The Spanish authorities will not accept anything that you could have potentially fabricated yourself (in MS Word for example)
Self-employed in Spain – Autonomo
Depending on which region you live in and if you are recently registered as a Autonomo, you may be asked to prove further means to support yourself other than just being registered as self-employed.
You’ll need your S1 and the latest annual pension statement letter sent to you by your Government, stating how much pension you receive, The letter will need officially translating.
You’ll need documentary proof of the amounts you receive, in the form of a translated letter from your provider(s) plus ideally, proof of payments into a bank account.
Rental income in Spain
Rental income can be presented if generated in Spain and you’ll need proof you own the property and have the contract registered with the Junta de Andalucia. If you’re renting out as a non-resident, your non-residents Tax Return (Modelo 210) can help prove income earned.
Rental income from abroad
This is extremely difficult to push through, and we try and avoid this where possible. The Spanish authorities normally won’t take into account rental income from abroad as it isn’t deemed a ‘stable income’ (they have no way of verifying the income like they do with a registered contract in Spain).
So, that’s the income aspects, now the Savings elements:
Economic Stability – Savings
Savings in a Spanish bank account
You will need to prove you have maintained a minimum of circa €7k (for 1 person) in an account for more than 3 months by presenting an Average Balance Certificate from your Spanish bank. We also recommend 3 months stamped statements from the bank. (Note: statements must be stamped, online are not sufficient).
Recent deposit in bank
If you have a fixed deposit in a Spanish bank that hasn’t been there for 3 months but is over 5 times annual IPREM (this is because your residency is for 5 years), then an Actual Balance Certificate can be presented.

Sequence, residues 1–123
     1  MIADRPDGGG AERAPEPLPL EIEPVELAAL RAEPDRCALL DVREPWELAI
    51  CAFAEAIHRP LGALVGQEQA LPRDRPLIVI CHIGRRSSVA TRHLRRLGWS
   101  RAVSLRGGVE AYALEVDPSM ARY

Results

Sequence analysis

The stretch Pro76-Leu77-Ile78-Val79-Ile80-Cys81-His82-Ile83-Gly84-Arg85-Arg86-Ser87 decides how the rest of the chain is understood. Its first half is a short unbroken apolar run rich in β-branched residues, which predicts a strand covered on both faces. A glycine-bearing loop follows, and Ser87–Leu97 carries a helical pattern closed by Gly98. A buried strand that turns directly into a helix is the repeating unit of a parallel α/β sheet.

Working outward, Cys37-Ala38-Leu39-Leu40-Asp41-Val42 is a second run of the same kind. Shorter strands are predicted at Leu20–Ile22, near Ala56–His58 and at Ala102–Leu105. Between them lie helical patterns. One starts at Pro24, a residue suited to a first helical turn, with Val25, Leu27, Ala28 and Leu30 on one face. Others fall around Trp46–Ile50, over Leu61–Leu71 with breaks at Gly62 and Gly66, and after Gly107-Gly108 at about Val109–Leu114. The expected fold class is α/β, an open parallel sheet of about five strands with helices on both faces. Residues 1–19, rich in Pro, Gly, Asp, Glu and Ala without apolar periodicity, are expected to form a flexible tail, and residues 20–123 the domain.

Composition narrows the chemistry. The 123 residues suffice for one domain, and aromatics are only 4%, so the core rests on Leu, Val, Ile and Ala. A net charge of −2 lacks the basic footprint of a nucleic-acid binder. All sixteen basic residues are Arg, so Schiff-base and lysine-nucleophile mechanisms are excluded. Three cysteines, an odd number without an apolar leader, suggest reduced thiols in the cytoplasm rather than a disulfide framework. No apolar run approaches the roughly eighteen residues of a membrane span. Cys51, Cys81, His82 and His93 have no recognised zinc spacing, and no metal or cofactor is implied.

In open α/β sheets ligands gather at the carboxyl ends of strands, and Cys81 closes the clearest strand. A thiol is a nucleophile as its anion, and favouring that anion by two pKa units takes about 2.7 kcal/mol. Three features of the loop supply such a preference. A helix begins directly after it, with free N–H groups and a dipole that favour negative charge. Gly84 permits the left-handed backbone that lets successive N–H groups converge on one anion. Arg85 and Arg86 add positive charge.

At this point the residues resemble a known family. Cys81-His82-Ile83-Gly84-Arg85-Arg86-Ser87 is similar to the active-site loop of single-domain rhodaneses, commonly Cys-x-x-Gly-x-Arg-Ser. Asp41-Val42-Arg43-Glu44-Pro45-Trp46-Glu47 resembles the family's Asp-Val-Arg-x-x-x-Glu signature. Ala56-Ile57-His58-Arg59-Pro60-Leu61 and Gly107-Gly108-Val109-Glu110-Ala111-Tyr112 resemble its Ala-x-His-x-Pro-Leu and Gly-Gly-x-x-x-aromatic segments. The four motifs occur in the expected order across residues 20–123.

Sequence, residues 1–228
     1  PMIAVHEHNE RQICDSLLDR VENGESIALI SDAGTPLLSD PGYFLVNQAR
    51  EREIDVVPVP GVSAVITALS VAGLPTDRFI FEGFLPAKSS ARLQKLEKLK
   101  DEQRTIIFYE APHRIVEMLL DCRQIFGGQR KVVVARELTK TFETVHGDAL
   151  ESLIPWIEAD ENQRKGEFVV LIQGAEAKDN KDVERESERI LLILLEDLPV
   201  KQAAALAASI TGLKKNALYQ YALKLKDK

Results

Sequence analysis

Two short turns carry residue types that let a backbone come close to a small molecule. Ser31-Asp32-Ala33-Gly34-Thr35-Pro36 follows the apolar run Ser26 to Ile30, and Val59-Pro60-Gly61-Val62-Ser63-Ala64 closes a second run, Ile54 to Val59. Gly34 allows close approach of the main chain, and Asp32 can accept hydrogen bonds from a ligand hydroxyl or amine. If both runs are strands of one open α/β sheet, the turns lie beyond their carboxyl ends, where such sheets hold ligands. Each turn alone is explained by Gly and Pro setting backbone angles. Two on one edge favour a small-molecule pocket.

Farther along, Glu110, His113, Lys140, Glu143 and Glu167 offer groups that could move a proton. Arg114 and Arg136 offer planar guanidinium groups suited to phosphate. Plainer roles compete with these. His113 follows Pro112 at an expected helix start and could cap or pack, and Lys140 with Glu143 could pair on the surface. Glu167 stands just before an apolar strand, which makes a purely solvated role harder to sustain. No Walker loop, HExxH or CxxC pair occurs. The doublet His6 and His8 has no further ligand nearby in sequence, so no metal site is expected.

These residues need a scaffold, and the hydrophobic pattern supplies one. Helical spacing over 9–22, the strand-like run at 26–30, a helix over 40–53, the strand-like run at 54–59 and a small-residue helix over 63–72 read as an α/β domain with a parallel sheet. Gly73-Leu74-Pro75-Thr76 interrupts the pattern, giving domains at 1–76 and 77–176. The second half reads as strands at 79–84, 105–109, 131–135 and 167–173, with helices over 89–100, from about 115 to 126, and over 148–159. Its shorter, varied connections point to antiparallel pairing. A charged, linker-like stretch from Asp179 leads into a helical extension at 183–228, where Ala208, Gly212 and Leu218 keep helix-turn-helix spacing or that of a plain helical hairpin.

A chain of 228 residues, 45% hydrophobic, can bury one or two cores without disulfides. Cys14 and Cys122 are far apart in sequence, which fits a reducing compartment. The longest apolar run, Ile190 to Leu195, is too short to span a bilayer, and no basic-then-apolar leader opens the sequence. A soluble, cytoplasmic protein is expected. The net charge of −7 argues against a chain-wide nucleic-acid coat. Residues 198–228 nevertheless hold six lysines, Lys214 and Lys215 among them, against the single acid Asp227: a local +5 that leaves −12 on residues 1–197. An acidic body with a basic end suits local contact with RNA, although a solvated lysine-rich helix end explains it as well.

Any paperwork not in Spanish needs to be translated and the same rules apply as detailed above.
Nota simple (property ownership)
If you own property, you will need to provide a Nota Simple, dated within 3 months for proof of income/wealth.
Beneficiaries, spouse or children
Where a spouse and/or children up to the age of 21 are ‘beneficiaries’ of your income for a residency application, you’ll need to prove the legitimacy of the relationship. This means sworn and stamped translations* of Marriage Certificate and/or long form Birth Certificates. As from 16th February 2019, there’s no longer a requirement to have an Apostille Stamp according to European Law
*You can also arrange for a “Multilingual Standard Form” for these official documents.
Immigration applies an algorithm to IPREM to calculate how much is required per beneficiary.
If you are considering taking residency and unsure about the requirements, we can go through this with you (and all the other details too) when you Book a Call with us for an initial and no-obligation chat.
The information in this article was current on the date published.
Article last updated 06.01.2023